An open letter to the Olathe City Council:
It is my sincere regret that I was unable to attend the City Council meeting on July 16, where you heard from supporters and opponents of a proposed non-discrimination ordinance, which is aimed at protecting LGBTQ+ citizens and recommended by the Olathe Human Relations Commission.
Having now viewed the video footage from the meeting, I saw many who argued against its passage on the basis of their faith convictions and out of concern for religious liberty. I would like to take this opportunity to offer another perspective.
One constant thread that runs throughout Christian scriptures is the need to protect the vulnerable and oppressed in our midst. In the Hebrew scriptures, this meant protecting the widow, orphan, and stranger. There are no fewer than two dozen instances of appeals to care for these vulnerable groups and rebukes for failing to do so. For examples, look at Deuteronomy 24:17, Psalm 94:1-7, Isaiah 1:23, Jeremiah 7:6-7 and Zehariah 7:10.
Moving into the New Testament, one sees Jesus himself act on behalf of the vulnerable both in word and deed throughout his ministry. He protected the woman who was to be stoned for adultery, dined with “sinners” and tax collectors, and healed the chronically sick. He told his followers, “Blessed are the poor in spirit,” “Let the little children come to me,” and “Just as you did it to one of the least of these, you did it unto me.”
After Christ’s ascension, the early church furthered Christ’s mission to reach out to people on the margins. In my mind, the most illustrative story of welcoming the “outsider” comes in the book of Acts when Philip, one of Jesus’ remaining disciples, meets an unnamed man on the back roads of Galilee. This unnamed man was from Ethiopia, was worshiping at the temple in Jerusalem, and was a eunuch — all things that would have pushed him to the fringes of society. Philip could have looked for a more so-called “mainstream” candidate for conversion, but, following Christ’s lead, baptizes the unnamed Ethiopian in the first body of water they see and welcomes him into the early Christian community.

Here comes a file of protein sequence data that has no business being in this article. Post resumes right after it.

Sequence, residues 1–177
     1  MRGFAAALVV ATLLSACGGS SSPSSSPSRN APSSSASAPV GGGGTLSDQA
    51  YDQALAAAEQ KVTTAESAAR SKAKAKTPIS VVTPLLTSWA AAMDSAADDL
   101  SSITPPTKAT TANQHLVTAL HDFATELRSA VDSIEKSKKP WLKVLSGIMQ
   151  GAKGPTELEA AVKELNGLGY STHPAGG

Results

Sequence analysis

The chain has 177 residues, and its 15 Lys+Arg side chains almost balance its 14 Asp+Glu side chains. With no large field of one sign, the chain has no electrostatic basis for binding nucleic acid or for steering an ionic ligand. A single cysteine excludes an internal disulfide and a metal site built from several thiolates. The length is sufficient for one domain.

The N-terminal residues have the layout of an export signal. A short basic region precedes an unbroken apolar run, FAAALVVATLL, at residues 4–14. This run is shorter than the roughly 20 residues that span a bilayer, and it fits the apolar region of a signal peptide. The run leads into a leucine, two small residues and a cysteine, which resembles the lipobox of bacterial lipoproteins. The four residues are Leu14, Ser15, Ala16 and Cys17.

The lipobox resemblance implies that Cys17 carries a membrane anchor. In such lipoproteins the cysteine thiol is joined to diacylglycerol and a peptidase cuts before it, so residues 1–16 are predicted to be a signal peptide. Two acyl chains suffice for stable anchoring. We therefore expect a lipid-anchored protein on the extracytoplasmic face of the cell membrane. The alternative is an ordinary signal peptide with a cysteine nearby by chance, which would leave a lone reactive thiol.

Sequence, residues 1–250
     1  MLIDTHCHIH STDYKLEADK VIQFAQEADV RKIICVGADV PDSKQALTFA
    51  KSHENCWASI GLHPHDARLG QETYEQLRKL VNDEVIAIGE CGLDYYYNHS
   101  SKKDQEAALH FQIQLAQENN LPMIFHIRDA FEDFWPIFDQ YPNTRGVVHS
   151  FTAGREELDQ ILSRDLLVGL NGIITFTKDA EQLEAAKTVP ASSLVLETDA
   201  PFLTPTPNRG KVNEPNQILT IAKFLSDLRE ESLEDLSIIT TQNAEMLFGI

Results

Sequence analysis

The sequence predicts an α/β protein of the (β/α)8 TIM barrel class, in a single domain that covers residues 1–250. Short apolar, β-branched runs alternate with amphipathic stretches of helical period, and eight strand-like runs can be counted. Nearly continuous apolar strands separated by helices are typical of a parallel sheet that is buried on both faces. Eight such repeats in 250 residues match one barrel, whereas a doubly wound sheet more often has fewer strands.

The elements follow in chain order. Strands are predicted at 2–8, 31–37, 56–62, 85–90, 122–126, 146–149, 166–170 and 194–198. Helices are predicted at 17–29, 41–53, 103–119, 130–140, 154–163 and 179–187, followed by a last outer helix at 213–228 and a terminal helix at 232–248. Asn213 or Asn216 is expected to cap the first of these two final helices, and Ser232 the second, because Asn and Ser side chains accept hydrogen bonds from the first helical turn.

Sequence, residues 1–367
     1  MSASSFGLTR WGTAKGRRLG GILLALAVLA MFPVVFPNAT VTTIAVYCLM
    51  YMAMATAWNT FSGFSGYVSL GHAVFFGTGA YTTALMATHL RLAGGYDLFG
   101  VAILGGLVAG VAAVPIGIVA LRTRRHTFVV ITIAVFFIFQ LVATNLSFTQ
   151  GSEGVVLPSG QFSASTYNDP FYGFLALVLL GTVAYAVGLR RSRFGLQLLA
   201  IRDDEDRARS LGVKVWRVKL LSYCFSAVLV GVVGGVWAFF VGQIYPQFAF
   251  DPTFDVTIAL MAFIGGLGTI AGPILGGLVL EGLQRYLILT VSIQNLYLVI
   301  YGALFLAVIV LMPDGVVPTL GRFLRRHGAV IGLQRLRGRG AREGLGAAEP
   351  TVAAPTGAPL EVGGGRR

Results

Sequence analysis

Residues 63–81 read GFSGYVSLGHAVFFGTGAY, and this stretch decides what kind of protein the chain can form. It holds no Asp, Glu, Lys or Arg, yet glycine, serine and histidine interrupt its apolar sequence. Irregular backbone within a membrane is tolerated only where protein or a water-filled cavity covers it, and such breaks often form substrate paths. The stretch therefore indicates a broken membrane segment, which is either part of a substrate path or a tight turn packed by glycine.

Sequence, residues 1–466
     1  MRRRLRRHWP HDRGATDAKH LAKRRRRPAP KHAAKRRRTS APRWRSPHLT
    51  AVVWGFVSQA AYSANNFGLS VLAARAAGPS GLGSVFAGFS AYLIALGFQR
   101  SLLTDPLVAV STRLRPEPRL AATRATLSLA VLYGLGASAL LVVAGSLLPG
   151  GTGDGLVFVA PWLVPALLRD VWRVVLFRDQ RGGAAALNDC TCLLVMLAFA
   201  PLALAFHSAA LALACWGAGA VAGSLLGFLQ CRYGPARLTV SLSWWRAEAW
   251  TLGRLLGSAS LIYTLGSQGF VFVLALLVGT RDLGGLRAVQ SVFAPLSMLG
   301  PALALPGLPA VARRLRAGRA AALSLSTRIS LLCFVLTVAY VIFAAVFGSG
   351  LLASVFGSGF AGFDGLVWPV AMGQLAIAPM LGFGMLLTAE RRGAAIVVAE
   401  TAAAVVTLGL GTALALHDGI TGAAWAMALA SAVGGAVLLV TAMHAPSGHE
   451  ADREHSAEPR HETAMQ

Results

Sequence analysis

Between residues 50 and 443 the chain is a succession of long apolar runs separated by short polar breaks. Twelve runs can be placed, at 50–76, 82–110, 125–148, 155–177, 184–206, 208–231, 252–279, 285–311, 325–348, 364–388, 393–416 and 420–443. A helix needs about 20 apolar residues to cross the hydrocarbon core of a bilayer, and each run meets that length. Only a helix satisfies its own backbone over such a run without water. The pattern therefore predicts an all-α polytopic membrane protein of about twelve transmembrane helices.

While many cite their faith and holy scripture as reasons to oppose the non-discrimination ordinance, my faith, formed by the witness of scripture, leads to me to support the ordinance. I agree that religious liberty is not to be taken for granted or be dismissed lightly. However, I believe that Christians experience religious liberty, or as we often say, freedom in Christ, most fully when we undertake the holy work of protecting the vulnerable and oppressed in our midst.
Therefore, I ask you, City Council members, to care for our LGBTQ+ citizens by voting in favor of the non-discrimination ordinance.
Rev. Dr. Brandon Frick
Site pastor, Village Presbyterian Church on Antioch